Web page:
Threats and arrests of lawyers
Lawyers who provide legal aid in Removal Prisons reported having to face a variety of bureaucratic and practical barriers. They need to be able to present the correctly spelled name of a detainee in order to get access to the person. Accessibility is also difficult since it is not made transparent to which prisons people are transferred. In the Harmandalı Removal Center, lawyer’s bags are searched, they have to pass through an X-Ray device and they are closely guided by police officers. In some Removal Centres – especially Kayseri – lawyers have been denied entry based on alleged non-public rules or on grounds that their client is supposedly not there. They have no means to clarify whether the information about detainees given by the authorities in the Removal Centres is correct or not.
The Izmir Bar Association reports that furthermore, even if detainees have a lawyer, applications of lawyers and migrants are not registered, petitions are torn and written applications are not answered. In addition, lawyers trying to provide legal counselling face repressions by Turkish authorities: On May 14, 2019, eight lawyers and one interpreter from Izmir Bar Association were even arbitrarily detained for several hours within the Harmandalı Removal Centre.
The Izmir Bar Association explains:
“In essence, it is a systematic application aimed at concealing the rights violations of foreigners held at the center and preventing them from accessing asylum and attorney’s services. “
Statement by Izmir Bar Association, May 20th 2019
Dramatic failure of the EU to evaluate and stop rights violations based on the EU-Turkey statement
The European Union did not only fund removal centres such as Harmandalı, but decided to consider Turkey a ‘safe third country’ within the frame of the EU-Turkey statement. The EU routinely returns migrants from the Greek islands back to Turkey based on the assumption that returnees can apply for protection in Turkey.
Deportations are ongoing despite the obvious lack of protection for migrants in Turkey who are directly detained and often deported to their countries of origin (see also Alpes et al., Ulusoy/Battjes). The European Commission simply ignores these facts and seemingly does not even monitor the treatment of migrants in Turkey anymore:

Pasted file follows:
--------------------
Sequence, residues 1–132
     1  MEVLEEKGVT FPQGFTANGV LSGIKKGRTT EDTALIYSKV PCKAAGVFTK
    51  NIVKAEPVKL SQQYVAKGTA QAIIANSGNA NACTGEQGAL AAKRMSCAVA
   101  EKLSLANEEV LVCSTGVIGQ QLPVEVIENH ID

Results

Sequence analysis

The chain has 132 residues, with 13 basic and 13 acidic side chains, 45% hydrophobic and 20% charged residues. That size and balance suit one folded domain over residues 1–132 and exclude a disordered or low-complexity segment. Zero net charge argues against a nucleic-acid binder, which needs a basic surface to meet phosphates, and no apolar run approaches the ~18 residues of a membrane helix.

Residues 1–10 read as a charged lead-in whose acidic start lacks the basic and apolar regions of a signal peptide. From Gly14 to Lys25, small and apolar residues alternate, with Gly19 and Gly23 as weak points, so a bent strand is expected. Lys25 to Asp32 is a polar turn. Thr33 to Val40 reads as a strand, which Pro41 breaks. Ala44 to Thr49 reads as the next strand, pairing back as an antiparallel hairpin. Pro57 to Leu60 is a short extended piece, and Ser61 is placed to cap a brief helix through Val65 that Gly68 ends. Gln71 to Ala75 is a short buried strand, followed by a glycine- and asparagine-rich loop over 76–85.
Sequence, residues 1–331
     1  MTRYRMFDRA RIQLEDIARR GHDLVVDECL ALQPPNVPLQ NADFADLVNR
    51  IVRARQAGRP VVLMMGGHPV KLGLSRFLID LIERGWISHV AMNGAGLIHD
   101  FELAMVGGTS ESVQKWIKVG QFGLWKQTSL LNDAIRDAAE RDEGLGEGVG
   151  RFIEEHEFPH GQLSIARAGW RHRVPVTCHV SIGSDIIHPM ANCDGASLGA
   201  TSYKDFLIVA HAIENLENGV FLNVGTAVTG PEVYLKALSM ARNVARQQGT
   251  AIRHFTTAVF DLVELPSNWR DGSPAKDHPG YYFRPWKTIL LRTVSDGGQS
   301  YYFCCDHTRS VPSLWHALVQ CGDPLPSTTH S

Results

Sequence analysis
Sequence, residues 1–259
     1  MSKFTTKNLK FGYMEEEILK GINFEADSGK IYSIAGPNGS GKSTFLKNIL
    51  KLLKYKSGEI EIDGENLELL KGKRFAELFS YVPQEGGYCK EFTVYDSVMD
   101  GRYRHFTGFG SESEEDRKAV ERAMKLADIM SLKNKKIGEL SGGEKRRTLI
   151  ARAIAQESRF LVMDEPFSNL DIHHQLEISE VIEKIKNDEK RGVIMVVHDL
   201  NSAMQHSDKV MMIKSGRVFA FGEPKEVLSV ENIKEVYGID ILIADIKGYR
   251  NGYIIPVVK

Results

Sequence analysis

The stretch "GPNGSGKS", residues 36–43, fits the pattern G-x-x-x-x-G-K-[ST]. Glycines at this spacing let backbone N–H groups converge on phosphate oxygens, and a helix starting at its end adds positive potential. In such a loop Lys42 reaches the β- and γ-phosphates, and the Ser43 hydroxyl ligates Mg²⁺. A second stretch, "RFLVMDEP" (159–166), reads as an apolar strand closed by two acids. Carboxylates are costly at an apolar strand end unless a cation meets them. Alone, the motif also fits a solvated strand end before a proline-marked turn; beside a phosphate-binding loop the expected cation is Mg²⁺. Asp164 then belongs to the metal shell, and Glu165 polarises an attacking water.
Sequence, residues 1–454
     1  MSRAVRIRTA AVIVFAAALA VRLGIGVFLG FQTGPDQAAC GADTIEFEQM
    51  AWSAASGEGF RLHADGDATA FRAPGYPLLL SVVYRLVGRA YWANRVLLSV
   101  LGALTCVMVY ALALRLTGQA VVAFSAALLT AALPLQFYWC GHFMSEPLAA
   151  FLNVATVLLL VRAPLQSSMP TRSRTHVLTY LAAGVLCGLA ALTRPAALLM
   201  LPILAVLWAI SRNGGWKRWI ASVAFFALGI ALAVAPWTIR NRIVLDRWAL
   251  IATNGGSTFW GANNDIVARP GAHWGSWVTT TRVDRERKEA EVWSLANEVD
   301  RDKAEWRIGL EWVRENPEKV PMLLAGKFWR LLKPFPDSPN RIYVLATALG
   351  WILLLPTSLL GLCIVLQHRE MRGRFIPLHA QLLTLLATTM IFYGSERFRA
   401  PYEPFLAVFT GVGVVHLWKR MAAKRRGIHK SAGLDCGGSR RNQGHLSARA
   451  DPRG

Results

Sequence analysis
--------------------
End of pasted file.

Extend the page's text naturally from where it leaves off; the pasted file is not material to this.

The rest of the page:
The European Commission already stopped to provide public reports on the implementation of the EU Turkey statement as early as September 2017. However, the last and Seventh report on progress in the implementation of the EU-Turkey statement leaves no doubts that people deported to Turkey have hardly any chances to be granted protection. The Commission stated on 6th of September 2017:
“So far 57 returned non-Syrians have submitted international protection applications to the Turkish authorities: two persons have been granted refugee status, 39 applications are pending, nine persons have received a negative decision. 831 persons have been returned to their countries of origin.”
European Commission (Highlighting added)
Furthermore, the Turkish state itself simply stopped producing statistics on the number and nature of decisions on asylum applications. The last available figures by the Turkish Directorate General of Migration Management (DGMM) are from 2016.
Despite this obvious lack of accountability, deportations to Turkey continue to be carried out and the European Union is turning a blind eye to the rights violations caused by its deportation policy. According to the UNHCR, from April 2016 until April 30th 2019, 1,852 people were deported from Greece to Turkey under the EU-Turkey statement. The Turkish DGMM reports about 1,861 readmissions from Greece since April 2016 until 27th of May 2019. The European Commission also counts the deportations from Greece to Turkey under a further bilateral agreement between Greece and Turkey leading to a number of 2,435 people from 22nd March 2016 until February 2019 (600 under the bilateral readmission protocol, 1,835 under the EU-Turkey statement). (The Commission even fails to correctly calculate the total number of deportations, mainly because the numbers from 2018 are not updated, which leads to the false presentation of an overall total of 2,224 people):
The European Union’s externalization strategy and the deliberate ignorance of the post-deportation situation of migrants in Turkish prisons such as Harmandalı is shocking. It shows an entire lack of accountability and the European Commission’s priority to prevent migration and enforce deportations, regardless of the fact that this policy leads to the deprivation of the most basic rights of human beings.